COLLECTIONS OF THE NATIONAL MUSEUM OF THE MARINE CORPS
The collections held in trust at the National Museum of the Marine Corps document over 230 years of Marine Corps history. The mission of the Museum is to collect and preserve in perpetuity, artifacts that reflect and chronicle the history of the Corps. The more than 60,000 uniforms, weapons, vehicles, medals, flags, aircraft, works of art and other artifacts in the Museum’s collections trace the history of the Marine Corps from 1775 to the present.
The Museum's holdings, which range from combat aircraft to individual Civil War era blouse buttons, are divided into five broad categories: ordnance, uniforms and heraldry, aviation, art and general. Some of the more unusual items in the care of the Museum include a coat worn by Marine Captain Levi Twiggs during his service in the Indian Wars, a presentation baton given to John Philip Sousa on his departure as director of the Marine Corps Band, and an Oscar awarded to the Marine Corps for the World War II documentary “Tarawa.” Perhaps the most symbolically important artifact in the Museum’s collection is the second American flag raised over Iwo Jima’s Mount Suribachi. Associated Press combat photographer Joe Rosenthal’s image of the raising of this flag became one of the most iconic images of World War II and the inspiration for the Marine Corps War Memorial in Washington, D.C.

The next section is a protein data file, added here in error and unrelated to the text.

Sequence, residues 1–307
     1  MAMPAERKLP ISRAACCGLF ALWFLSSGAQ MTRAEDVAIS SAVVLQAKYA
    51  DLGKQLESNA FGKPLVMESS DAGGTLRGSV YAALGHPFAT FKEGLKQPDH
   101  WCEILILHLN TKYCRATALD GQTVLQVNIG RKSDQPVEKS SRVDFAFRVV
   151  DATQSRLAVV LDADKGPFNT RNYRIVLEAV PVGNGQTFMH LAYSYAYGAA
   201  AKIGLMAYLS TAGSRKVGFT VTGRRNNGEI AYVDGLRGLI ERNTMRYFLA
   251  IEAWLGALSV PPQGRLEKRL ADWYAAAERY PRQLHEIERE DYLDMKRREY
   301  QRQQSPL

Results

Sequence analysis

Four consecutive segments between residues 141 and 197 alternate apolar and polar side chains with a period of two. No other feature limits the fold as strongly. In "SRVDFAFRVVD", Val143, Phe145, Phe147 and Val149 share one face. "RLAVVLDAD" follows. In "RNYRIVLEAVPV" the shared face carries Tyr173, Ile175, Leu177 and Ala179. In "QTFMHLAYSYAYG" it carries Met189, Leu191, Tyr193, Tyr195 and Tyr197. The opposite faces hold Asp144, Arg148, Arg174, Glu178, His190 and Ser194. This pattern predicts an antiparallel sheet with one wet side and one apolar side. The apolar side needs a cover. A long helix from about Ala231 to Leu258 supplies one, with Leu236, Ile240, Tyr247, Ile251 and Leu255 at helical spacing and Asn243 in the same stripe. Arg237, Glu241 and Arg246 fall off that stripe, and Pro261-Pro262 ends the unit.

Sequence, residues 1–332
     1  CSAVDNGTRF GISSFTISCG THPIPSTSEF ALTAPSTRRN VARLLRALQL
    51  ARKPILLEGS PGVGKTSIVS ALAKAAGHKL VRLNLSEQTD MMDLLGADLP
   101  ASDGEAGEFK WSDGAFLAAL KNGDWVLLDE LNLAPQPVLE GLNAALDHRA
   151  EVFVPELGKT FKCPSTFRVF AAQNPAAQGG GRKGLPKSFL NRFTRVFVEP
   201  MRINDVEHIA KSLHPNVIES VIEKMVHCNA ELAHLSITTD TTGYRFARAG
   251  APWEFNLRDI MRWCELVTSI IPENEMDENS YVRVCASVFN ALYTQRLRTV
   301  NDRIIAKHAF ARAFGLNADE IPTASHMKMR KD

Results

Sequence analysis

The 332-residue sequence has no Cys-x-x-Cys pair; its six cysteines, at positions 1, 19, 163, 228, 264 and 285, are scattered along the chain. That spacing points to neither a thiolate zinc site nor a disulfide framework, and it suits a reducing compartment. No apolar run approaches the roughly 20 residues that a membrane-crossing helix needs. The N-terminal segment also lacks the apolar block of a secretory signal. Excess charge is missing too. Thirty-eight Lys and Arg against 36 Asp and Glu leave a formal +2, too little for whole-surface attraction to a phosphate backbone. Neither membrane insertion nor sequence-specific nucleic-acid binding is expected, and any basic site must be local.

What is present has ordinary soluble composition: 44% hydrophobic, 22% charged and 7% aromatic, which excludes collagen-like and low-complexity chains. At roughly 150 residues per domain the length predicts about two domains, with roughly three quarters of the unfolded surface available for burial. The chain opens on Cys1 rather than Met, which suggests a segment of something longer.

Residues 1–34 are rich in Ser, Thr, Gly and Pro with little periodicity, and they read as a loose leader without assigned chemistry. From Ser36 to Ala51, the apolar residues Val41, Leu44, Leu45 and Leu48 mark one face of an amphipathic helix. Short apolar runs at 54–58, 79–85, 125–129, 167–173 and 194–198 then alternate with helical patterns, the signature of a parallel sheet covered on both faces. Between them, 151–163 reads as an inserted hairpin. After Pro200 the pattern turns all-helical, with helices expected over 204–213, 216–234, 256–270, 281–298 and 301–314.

The Museum collects artifacts selectively and responsively – accepting only those items which are needed and the Museum has the resources to properly care for. Beyond utilizing the collections for exhibitions, the collections of the National Museum of the Marine Corps serve as research aids and reference materials for historians, authors and film makers.
If you have items that you think would help the National Museum of the Marine Corps in its mission to preserve and exhibit Marine Corps history, please click here to learn how to donate artifacts to the Museum.